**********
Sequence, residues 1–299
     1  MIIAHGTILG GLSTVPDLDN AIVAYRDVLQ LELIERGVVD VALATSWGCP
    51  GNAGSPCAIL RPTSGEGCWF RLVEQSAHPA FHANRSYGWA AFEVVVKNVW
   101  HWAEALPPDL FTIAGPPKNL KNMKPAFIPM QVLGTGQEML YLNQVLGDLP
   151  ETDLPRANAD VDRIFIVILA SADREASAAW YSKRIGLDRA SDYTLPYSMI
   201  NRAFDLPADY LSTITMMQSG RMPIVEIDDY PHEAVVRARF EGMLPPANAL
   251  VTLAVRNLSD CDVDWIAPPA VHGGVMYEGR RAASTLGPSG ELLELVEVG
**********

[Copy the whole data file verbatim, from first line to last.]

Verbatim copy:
Sequence, residues 1–299
     1  MIIAHGTILG GLSTVPDLDN AIVAYRDVLQ LELIERGVVD VALATSWGCP
    51  GNAGSPCAIL RPTSGEGCWF RLVEQSAHPA FHANRSYGWA AFEVVVKNVW
   101  HWAEALPPDL FTIAGPPKNL KNMKPAFIPM QVLGTGQEML YLNQVLGDLP
   151  ETDLPRANAD VDRIFIVILA SADREASAAW YSKRIGLDRA SDYTLPYSMI
   201  NRAFDLPADY LSTITMMQSG RMPIVEIDDY PHEAVVRARF EGMLPPANAL
   251  VTLAVRNLSD CDVDWIAPPA VHGGVMYEGR RAASTLGPSG ELLELVEVG